Fun fact: Speaking of VISA cards, did you know Unibank in Koforidua doesn’t support Visa Cards at their ATMs? Aren’t we in 2015?
My biggest problem with energy isn’t getting one to charge my phone, heck I can live without my smartphone for weeks or months (pulled one off when it got spoiled). My greatest concern rather is having juice enough to power my laptop, which by design, has a poor battery span. Thus, I await PEG to make my day with a solution to this puzzle of mine or till I buy a laptop with a more durable battery life…
Well, back to the tour of the PEG facility with Minister Shapps: we continued our tour with the visiting minister at the PEG facility, which is unfortunately hidden in plain sight, thanks to a ridiculous physical address given their business by the Accra Metropolitan Authority which Google maps or even GPS will marvel at. During my trip to attend the event, I kept my hopes high, expecting to enter an underground facility. PEG isn’t underground, but when you see their address, you likely may not believe that. Later on I realized PEG is on Google Maps, just only takes a bit of persistence to find! Besides, you don’t expect to find a solar energy solution jackpot like PEG at the backyard of your house now do you? Good things don’t come easy, but as PEG’s basic priority, they’re constantly reaching out and expanding so patience is virtue and soon, they will come up with more solutions for us all.
A beautiful place to work, nice conducive environment, lovely employees, all working around the clock to ensure quality devices and service. And speaking of customers, the PEG team have positioned their staff in ways to handle specific parts of customer care.
Check the address…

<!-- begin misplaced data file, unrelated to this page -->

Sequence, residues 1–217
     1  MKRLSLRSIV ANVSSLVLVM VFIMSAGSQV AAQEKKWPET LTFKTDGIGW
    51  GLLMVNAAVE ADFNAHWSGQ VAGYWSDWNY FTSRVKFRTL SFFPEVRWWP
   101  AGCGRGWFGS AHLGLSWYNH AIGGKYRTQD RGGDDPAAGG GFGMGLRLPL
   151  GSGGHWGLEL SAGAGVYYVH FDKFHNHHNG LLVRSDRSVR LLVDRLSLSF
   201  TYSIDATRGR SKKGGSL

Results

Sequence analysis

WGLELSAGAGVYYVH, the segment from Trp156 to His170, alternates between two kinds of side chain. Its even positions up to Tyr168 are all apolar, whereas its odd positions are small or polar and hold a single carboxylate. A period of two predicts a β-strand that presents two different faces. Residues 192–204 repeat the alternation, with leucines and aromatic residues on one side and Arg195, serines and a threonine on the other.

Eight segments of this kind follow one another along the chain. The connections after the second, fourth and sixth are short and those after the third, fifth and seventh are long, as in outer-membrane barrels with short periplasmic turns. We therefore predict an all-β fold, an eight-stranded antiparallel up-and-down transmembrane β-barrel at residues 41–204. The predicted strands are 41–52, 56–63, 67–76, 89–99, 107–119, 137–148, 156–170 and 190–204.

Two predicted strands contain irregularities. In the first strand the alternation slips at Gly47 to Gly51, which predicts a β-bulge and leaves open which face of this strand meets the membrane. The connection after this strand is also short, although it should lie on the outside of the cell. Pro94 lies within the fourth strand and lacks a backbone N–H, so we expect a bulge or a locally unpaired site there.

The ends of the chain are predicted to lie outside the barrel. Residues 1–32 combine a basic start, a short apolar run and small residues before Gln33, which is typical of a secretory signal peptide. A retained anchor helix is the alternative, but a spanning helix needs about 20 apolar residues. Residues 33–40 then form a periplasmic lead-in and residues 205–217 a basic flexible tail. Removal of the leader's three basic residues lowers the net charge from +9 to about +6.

The Customer Care Structure
I had a conversation with Andrew, who works in the Agent Care Division – under the Customer Care Department, headed by Esther Dokuwaa Ofosuhene – and he was more than excited to walk me through the work involved in caring for their customers via correspondence with agents, and replacing devices in the field that malfunction under warranty when needed. Oh, and whiles we talked, the Inbound Division, led by Mavis, took calls from customers who experience issues or wanna learn more about the devices and services from PEG. Sometimes, it’s all about the voice, and these customer care representatives have voices that get the tick of approval among many callers, or at least with mine!
The Outbound Calls Division play their part of this innovative Customer Service game well enough to follow up on customers and make courtesy calls to learn what works best, and challenges faced. This unit, responsible for educating customers on mobile money services and collecting installments owed the company, is headed by the charming Dorcas (because you have to be suave if you are going to extract money from a debtor)
But all the above steps don’t happen, unless the Activation Division take step by step sign up calls from PEG agents in the field, called in-house as Direct Sales Representatives (DSR). They just missed the L in that title; we could have had a camera there!
The activation division signs up new customers, does the due diligence by screening to ensure clients understand the payment terms and connects new customer details with whatever product is given them in the field, allowing them to actually use the devices. This team led by Setor, who happens to be the ‘Supergirl’ of their division for their in-house quarterly awards. Without this activation step, a MKopa Solar energy system is a mere piece of brick.
Inbound Calls Division under the Customer Care Department in action
Curiously twisting and turning my head relentlessly, trying to look out for something I might have missed and behold alas, behold, a list (or a chart?) of ‘target’ against ‘actual’ parameters set by the Customer Care Department. See! Considering their target compared to the actual performance recorded on the chart, it was clear more work needed to be done. I got worried at first, but realized, hey, they set those target parameters they wanna meet themselves. Well, man makes rules, not the other way round. Maybe they’re setting unrealistic targets considering Ghana’s working environment and conditions? Maybe.